For beginners, the stock market can seem intimidating. Investing in stocks has been glorified in movies and seems to dominate the news cycle these days. For the average saver who’s simply looking for a way to get started, the volatility and breadth of the market can indeed be overwhelming.
I believe beginner investors need some context or perspective to get started on the right foot. Understanding the nature of Canada’s stock market is a critical first step for your investment journey. With that in mind, here’s an overview of the top three factors beginner investors should know before diving in.
The most important question for any investor is the one about expected returns. Figuring out stock market returns could help you decide whether it’s worth putting your savings into stocks or whether you prefer real estate or gold. Realistic expectations can also help you create a plan to achieve your financial goals and set appropriate targets.
So, how much can you expect? Well, on average, the Canadian stock market has returned an average of 6% compounded annually. The iShares S&P/TSX 60 Index, which tracks the country’s 60 largest stocks, has delivered 5.8% annually over the past 10 years and 6.5% since its inception in 1990. You can expect similar returns going forward.
At 6% compounded annually, any investment you make today could double within 12 years.
Stock market’s biggest sectors
Understanding which sectors dominate the stock market is another critical factor. The biggest sectors tend to have the largest impact on stock market performance and Canada’s economic growth over time.
At the moment, the Canadian stock market is dominated by energy and financial stocks. Banks such as Royal Bank and TD Bank are the biggest corporations in the country. Insurance and asset managers like Brookfield Asset Management are nearly as large. Oil and gas giants such as Enbridge and TC Energy are the second-largest sector.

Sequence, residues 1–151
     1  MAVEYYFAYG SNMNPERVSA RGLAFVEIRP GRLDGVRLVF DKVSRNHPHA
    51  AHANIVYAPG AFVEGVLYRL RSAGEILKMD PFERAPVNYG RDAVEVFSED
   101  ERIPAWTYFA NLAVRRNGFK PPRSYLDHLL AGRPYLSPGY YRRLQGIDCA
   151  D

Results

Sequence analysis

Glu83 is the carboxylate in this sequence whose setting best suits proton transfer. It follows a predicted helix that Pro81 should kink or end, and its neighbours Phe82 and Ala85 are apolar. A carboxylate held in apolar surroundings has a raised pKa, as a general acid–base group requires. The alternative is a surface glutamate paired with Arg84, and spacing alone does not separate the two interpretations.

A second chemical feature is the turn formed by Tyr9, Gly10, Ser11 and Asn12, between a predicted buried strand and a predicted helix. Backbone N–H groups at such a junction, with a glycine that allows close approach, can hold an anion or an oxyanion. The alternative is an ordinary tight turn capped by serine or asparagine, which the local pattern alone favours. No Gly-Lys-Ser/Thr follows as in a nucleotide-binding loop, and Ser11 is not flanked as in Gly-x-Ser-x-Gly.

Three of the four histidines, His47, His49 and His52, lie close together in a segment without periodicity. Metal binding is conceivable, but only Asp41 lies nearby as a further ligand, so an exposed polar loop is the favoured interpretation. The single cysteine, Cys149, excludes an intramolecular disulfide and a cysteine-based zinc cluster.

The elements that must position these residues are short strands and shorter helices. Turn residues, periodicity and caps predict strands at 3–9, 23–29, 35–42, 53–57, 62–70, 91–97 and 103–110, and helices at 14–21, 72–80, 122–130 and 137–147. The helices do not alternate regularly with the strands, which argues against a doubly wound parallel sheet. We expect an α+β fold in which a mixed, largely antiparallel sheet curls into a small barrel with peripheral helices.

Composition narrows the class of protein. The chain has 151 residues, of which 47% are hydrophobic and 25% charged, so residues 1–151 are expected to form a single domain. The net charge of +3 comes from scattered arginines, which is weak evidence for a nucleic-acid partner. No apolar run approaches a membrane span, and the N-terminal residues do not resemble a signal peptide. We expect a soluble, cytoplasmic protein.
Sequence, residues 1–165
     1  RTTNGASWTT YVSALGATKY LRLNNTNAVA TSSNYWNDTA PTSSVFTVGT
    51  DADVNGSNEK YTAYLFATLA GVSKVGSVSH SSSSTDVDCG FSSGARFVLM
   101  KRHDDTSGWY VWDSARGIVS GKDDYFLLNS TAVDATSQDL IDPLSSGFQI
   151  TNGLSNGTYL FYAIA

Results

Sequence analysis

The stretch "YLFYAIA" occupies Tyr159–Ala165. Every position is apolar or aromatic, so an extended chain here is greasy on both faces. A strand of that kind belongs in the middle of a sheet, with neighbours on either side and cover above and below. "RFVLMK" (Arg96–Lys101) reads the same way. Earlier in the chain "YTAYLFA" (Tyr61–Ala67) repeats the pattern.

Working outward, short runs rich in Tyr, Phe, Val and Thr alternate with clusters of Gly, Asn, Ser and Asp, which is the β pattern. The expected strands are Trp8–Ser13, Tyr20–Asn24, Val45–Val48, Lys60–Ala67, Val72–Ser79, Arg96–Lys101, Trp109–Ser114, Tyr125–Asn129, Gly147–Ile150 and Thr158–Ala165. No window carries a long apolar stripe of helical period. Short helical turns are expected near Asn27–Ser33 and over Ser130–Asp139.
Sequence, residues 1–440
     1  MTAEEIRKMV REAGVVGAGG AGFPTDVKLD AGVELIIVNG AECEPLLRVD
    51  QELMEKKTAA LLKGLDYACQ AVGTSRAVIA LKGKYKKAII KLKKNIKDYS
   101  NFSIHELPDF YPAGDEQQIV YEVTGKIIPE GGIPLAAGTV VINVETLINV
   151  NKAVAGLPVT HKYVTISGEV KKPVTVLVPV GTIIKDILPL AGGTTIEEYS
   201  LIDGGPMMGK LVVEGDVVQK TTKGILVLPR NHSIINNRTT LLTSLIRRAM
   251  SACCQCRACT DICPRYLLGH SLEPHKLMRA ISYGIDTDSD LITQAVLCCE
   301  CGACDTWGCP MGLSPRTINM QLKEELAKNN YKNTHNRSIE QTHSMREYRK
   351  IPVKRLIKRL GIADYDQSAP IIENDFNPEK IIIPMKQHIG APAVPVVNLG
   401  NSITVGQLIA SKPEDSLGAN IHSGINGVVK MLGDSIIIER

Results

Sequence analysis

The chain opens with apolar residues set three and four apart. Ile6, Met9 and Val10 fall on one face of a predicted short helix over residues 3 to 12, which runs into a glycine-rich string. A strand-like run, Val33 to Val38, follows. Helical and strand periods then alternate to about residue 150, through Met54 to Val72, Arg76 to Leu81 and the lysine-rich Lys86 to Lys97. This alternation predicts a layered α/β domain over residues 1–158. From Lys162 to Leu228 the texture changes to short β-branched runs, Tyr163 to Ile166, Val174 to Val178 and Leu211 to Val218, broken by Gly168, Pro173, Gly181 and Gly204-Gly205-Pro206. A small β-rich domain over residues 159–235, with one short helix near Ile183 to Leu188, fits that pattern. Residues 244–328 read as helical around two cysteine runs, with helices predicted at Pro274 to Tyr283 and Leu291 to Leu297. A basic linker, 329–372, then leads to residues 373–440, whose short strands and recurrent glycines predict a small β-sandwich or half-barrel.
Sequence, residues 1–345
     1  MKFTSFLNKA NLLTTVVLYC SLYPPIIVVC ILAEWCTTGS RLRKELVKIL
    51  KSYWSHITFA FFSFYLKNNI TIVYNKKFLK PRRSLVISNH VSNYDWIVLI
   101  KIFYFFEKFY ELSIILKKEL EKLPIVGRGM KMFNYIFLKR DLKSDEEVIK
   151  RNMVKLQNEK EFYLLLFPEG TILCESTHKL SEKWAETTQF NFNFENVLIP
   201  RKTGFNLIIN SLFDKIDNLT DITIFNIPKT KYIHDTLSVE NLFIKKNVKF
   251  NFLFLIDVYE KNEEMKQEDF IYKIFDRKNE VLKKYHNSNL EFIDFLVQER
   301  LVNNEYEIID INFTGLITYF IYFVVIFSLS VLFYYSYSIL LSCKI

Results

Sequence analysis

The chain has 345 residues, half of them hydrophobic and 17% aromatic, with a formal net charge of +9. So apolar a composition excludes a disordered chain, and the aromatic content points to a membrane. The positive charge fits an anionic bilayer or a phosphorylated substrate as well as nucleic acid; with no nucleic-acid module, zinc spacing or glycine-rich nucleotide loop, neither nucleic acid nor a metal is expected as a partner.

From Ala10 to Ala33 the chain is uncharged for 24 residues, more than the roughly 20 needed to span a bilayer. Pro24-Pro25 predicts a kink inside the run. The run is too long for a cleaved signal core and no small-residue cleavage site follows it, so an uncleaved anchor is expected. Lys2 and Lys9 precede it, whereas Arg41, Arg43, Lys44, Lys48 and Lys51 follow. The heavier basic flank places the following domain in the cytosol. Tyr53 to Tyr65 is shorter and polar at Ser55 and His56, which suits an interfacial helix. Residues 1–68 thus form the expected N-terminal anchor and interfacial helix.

Financial firms account for nearly one-third of the TSX 60’s (32%) overall value. Energy accounts for 14%, while materials (such as gold) account for 12.3%. Overall, Canada’s economy is dependent on financial services and energy exports. However, technology is rapidly gaining momentum. Technology stocks such as Shopify are already the biggest drivers of stock market performance.
Focusing on emerging technologies and asset-light financial firms could be the best strategy for a beginner investor.
The media and some investors seem concerned that the stock market is overvalued. However, media attention is usually focused on American stocks. Canadian stocks seem relatively better priced.
The TSX 60 index currently trades at 1.78 times book value per unit. It also trades at a price-to-earnings ratio of 13 and offers a 3.5% dividend yield. Compare that to the 1% to 2% yield you can expect from savings accounts across Canada or even the 0.5% return you can expect on government bonds.
Canada’s stock market offers a dividend yield that’s nearly comparable to rental yields in most Canadian cities. The gross rental yield in Toronto is 4.1% at the moment.
Given that you don’t have to pay utilities or property tax for dividends, stocks seem like a better and easier bet.